'Voyage à Paris' and 'Brussel, scherven van geluk' are not traditional documentaries that wish to give objective information about ’what is’ or ’what used to be’. Instead, Jef Cornelis explores the genre of the visual essay and provides an usual reflections about these two capital cities.
Voyage à Paris
1993, 51'08”, colour, English spoken.
’Voyage à Paris’ is about looking and being looked at, about fashion and consumption, and about people’s fascination with Paris, ’the capital of the 19th century’. It is about the Paris of today and mythical Paris, about the often banal reality of buying and selling on the one hand and the world-famous 19th century Paris as we know it from brochures on the other. Letters about life in Paris in the previous century liven up to the images, and also remind us of a now unthinkable fascination with fashion, consumption and metropolitan life. The letters and images are tangential: the enthusiastic and poetic tone of the quoted texts invariably contradicts what we are being shown: what used to be exciting has become perfectly ordinary.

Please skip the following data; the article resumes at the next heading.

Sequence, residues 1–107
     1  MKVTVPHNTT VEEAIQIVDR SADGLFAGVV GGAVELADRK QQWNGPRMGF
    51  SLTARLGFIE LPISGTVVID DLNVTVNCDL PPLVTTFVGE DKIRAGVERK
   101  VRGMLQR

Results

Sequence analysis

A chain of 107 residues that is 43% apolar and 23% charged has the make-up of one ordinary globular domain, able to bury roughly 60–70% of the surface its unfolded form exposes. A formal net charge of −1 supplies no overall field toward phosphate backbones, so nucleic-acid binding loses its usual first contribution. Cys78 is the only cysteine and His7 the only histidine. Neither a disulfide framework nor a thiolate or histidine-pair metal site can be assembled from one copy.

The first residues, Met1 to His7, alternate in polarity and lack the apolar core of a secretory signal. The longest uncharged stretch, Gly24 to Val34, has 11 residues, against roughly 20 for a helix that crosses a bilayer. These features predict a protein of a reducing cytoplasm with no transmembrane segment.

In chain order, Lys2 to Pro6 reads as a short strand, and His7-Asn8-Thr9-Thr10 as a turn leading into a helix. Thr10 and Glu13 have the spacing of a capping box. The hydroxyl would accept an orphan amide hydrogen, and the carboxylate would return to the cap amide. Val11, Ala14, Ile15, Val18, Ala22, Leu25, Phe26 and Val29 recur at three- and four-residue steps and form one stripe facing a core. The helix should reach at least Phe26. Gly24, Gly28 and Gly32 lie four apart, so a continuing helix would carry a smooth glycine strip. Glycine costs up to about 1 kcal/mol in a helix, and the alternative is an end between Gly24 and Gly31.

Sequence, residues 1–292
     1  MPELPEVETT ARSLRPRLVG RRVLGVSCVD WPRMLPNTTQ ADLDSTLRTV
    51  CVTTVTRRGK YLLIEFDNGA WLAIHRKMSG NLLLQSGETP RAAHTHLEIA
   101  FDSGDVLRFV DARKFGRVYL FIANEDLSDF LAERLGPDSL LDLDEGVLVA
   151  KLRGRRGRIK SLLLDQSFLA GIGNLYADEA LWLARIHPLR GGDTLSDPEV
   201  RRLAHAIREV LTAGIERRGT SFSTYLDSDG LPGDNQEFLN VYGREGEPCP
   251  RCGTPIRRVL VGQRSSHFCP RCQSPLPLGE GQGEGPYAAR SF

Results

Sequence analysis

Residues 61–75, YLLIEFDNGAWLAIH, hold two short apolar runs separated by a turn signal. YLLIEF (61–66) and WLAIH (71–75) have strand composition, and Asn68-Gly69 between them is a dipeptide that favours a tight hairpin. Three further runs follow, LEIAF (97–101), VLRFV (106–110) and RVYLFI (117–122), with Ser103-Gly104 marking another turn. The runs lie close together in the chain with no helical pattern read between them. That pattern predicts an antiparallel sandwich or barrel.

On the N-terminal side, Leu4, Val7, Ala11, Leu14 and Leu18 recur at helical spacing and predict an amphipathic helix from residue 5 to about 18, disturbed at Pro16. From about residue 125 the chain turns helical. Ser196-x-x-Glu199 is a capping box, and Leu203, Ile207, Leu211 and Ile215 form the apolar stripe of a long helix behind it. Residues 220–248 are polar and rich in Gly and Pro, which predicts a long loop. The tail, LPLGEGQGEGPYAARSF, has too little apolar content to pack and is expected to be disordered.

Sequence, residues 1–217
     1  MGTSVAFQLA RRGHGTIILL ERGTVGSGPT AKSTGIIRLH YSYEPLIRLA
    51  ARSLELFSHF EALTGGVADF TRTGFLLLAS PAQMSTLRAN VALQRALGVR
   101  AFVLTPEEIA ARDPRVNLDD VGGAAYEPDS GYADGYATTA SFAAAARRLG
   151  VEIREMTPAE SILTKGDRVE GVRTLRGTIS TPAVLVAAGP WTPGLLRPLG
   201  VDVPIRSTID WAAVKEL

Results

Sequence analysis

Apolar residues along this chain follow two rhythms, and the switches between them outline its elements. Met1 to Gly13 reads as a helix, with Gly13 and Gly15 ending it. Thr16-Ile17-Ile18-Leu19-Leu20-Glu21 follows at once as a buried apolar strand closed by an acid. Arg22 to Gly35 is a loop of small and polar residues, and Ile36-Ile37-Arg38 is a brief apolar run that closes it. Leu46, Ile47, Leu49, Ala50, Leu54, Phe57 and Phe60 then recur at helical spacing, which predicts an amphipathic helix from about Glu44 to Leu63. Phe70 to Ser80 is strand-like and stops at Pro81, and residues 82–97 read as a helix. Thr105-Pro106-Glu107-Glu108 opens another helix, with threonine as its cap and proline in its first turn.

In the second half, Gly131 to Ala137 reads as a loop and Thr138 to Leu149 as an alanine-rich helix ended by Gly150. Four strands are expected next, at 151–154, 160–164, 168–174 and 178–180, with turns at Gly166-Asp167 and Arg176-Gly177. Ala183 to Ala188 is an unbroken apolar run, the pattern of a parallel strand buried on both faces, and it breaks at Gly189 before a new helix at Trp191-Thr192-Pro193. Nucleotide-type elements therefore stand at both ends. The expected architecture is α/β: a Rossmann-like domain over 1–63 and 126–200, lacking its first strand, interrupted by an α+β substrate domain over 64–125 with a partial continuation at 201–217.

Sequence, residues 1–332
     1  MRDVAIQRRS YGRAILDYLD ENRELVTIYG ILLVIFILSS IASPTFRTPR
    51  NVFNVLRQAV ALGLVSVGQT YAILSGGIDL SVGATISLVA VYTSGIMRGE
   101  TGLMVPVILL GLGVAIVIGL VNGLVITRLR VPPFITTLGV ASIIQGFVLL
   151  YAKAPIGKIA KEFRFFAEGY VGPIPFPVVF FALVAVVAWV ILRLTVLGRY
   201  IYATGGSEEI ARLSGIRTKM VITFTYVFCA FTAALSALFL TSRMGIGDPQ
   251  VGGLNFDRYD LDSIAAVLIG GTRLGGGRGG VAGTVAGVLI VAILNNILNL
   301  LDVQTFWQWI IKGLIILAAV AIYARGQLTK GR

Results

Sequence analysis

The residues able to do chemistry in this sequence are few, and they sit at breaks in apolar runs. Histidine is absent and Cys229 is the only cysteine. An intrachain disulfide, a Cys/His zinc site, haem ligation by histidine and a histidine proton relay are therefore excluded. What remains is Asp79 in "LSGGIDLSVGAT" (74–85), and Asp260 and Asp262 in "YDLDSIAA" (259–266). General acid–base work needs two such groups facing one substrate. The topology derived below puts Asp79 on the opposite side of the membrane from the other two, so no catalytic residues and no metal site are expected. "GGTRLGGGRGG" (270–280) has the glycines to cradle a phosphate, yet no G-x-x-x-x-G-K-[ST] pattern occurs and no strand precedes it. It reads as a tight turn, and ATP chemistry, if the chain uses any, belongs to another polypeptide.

Brussel, scherven van geluk
1995, 57'24”, colour and b&w, Dutch and French spoken, English subtitles.
’Brussels, fragments of happiness’ is no ordinary documentary on the Belgian capital. The aim is to understand why this city had turned into what it is: a transitory space, a city where many thousands of Flemish people arrive by train or by car to go to work every day, just to leave again in the evening. Why did Brussels change from a ’dazzling city’ into a ’forbidden’ one for so many Flemings and Walloons? Why is today’s Molenbeek no longer the almost village-like suburb of old times? The answer might be found in the dream of a progress as it was staged during the 1958 Expo: Brussels as the city of the future, hypermodern with lots of high-rise buildings and offices, a traffic-friendly net of bridges, tunnels and motorways.